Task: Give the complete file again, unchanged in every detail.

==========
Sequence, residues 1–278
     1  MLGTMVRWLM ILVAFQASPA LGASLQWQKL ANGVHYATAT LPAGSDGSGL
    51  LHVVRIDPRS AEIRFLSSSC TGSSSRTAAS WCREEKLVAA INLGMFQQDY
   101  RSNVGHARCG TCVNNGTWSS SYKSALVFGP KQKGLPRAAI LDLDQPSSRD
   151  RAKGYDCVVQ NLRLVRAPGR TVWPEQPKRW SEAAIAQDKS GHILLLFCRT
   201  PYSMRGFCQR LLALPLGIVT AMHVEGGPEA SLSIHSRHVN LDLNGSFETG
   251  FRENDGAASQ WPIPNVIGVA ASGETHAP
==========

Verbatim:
Sequence, residues 1–278
     1  MLGTMVRWLM ILVAFQASPA LGASLQWQKL ANGVHYATAT LPAGSDGSGL
    51  LHVVRIDPRS AEIRFLSSSC TGSSSRTAAS WCREEKLVAA INLGMFQQDY
   101  RSNVGHARCG TCVNNGTWSS SYKSALVFGP KQKGLPRAAI LDLDQPSSRD
   151  RAKGYDCVVQ NLRLVRAPGR TVWPEQPKRW SEAAIAQDKS GHILLLFCRT
   201  PYSMRGFCQR LLALPLGIVT AMHVEGGPEA SLSIHSRHVN LDLNGSFETG
   251  FRENDGAASQ WPIPNVIGVA ASGETHAP